President Clinton used a rain-interrupted Rose Garden ceremony Friday to claim credit for the nation's good health on the first anniversary of the passage of his economic program. "The future looks good," he declared.
Private economists say much of the current rebound would have happened anyway. But that didn't stop the White House from cheering."There is no sweeter anniversary than the one we are celebrating today. We didn't win by much, it was by the narrowest of margins," said Vice President Al Gore, whose tie-breaking vote in the Senate last Aug. 6 sent the measure to Clinton's desk.
The bill raised taxes on the wealthiest Americans and set in motion a process to slash $500 billion from the deficit over five years.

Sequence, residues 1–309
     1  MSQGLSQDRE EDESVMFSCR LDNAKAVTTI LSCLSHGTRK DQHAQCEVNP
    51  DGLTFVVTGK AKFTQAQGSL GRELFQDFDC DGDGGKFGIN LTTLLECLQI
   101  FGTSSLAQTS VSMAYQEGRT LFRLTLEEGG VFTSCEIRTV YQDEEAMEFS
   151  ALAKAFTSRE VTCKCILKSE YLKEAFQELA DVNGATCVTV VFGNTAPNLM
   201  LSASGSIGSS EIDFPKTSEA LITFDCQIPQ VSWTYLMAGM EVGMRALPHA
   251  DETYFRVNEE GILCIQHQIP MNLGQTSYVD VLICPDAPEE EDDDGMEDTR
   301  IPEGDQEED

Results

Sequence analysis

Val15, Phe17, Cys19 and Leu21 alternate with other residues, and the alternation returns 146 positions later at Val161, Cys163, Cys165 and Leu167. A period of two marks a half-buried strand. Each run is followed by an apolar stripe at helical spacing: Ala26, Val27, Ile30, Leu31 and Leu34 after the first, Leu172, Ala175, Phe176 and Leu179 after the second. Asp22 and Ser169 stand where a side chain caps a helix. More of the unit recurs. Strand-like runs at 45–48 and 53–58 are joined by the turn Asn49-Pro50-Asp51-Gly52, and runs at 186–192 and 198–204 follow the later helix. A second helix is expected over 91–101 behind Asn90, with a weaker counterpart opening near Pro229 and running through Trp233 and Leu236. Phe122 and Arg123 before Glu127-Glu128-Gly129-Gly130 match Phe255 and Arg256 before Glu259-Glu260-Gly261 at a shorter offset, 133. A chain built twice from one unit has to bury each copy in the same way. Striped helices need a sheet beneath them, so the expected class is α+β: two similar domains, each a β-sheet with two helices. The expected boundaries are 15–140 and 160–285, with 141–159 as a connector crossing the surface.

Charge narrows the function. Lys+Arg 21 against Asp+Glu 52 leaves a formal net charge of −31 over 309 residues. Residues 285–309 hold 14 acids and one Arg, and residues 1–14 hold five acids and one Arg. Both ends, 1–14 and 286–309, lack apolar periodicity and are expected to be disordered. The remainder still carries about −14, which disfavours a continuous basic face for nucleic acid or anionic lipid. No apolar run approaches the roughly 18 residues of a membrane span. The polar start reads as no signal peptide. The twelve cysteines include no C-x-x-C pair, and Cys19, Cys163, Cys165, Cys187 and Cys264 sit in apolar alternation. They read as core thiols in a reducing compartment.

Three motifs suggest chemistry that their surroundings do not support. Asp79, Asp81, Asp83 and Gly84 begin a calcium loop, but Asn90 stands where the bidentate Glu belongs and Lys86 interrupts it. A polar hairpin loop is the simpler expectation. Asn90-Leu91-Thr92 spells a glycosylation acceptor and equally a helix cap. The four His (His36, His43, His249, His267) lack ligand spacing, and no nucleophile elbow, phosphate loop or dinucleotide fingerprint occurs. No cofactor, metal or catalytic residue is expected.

Clinton said the measure "helped drive those interest rates down and got this economy moving again." He also noted that 4.1 million new jobs had been created so far during his presidency.
But some of the administration's claims are exaggerated, independent analysts suggest. "The economy's health and well-being is the best it's looked in decades," said Boston economist Allen Sinai on Thursday. "But it should not and cannot be solely attributed to the deficit reduction act."
And Senate Minority Leader Bob Dole told reporters, "The truth of the matter is, the president inherited a good economy when he came in. All he had to do was make sure he didn't mess it up."